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He describes vividly how the family shifts to Jammu on his father's transfer, giving even the minutest details of their belongings, and of their journey to Jammu via Pathankot.
Sanasar, Jammu and Kasmir- wikimedia commons

This is the engrossing tale of Balan, a kid from South India who grows up in the towns of Punjab, Jammu and Haryana. It captures the eventful journey of Balan’s childhood, his schooling, and the friends he makes and loses due to transfers of his father, serving in the Indian Army.

“Return to Jammu” is a first-person narration and with the timelines, places and real-life personalities and events, the reader gets a feeling that it is an autobiographical novel. The author clarifies that all characters and the story per se are fictional but confesses to borrowing liberally from many episodes of his childhood in telling the story.

“If you happen to be acquainted with me enough to perceive a passing resemblance of me in Balan, you would be right; and yet if you find the resemblance rather tenuous and liberally adulterated, you will be equally right too,” says the author in a preliminary note.

Settled in Jammu, Balan is admitted into grade two, though just four years and seven months old. He remains younger and tinier than his peer group all through his schooling and even in college.
V. Raghunathan-Author of the book Return to Jammu, wikimedia commons

Balan, son of a junior commissioned officer hailing from Kerala and having Tamilian roots, is born in the Ambala cantonment in 1954. He narrates his story even before his birth, relying on family tellings.

The author has superbly captured the life of the kid in a cantonment, growing up with two sisters, his mother’s struggle to run the house on a tight budget and his father, a happy-go-lucky man, who avoids the responsibilities of a good husband.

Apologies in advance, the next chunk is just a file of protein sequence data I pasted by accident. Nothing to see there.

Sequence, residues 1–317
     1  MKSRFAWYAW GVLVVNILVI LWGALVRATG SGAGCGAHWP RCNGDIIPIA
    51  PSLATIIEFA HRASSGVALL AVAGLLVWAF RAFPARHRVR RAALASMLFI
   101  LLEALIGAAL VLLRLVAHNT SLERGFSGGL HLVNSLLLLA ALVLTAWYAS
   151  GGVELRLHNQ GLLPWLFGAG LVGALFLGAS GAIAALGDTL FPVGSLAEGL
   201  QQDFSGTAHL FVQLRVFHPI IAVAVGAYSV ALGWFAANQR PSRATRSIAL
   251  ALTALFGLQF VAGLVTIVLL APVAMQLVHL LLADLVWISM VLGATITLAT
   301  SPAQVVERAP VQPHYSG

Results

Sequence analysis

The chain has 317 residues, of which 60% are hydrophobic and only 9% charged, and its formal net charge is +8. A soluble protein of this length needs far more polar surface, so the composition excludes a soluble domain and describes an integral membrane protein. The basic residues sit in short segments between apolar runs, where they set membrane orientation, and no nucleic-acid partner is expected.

He describes vividly how the family shifts to Jammu on his father’s transfer, giving even the minutest details of their belongings, and of their journey to Jammu via Pathankot.

Settled in Jammu, Balan is admitted into grade two, though just four years and seven months old. He remains younger and tinier than his peer group all through his schooling and even in college. Because of his diminutive size, he is saddled with sobriquets like pocket edition, Lilliputian and Madrasi, and sees his self-esteem falling dangerously.

He describes vividly how the family shifts to Jammu on his father's transfer, giving even the minutest details of their belongings, and of their journey to Jammu via Pathankot.
Jammu and Kashmir Map, wikimedia commons

It’s at Satwari near Jammu that he develops childhood friendship with many, most importantly with Jeevan Asha or Jeesha, who was two years older and also taller than him. Soon, however, Balan’s father is again transferred to Ambala and he is separated from his friends, especially Jeesha. He writes letters to his friends and receives responses from all, except Jeesha.

Overcoming all odds and with hard work, Balan completes his studies and joins the State Bank of India. Now a confident young man, he works hard and finally makes it to the Indian Institute of Management-Ahmedabad. (It was at IIM, Ahmedabad, that the author taught finance.)

Also Read: 70 years after Independence power reaches Elephanta Isle near Mumbai 

There he comes across a girl called Jasmine Pundith. He believes she is his good old buddy Jeesha. Bu she shows no sign of recognition and when he tries to remind her about their childhood friendship, Jasmine tells him that she is a citizen of the US and has no link with Jammu.

Convinced that she is none other than Jeesha, Balan travels to Delhi to find out more about her family. He even returns to Jammu, where he meets her brother Niranjan. What Balan comes to know from him forms the climax of the story.

The book is worth a read also for the author’s eye for detail, whether it is canal system of Jammu, the picturesque Kashmir valley, especially Uri, the pilgrimage to Vaishno Devi, or a visit by then Prime Minister Jawaharlal Nehru. (IANS)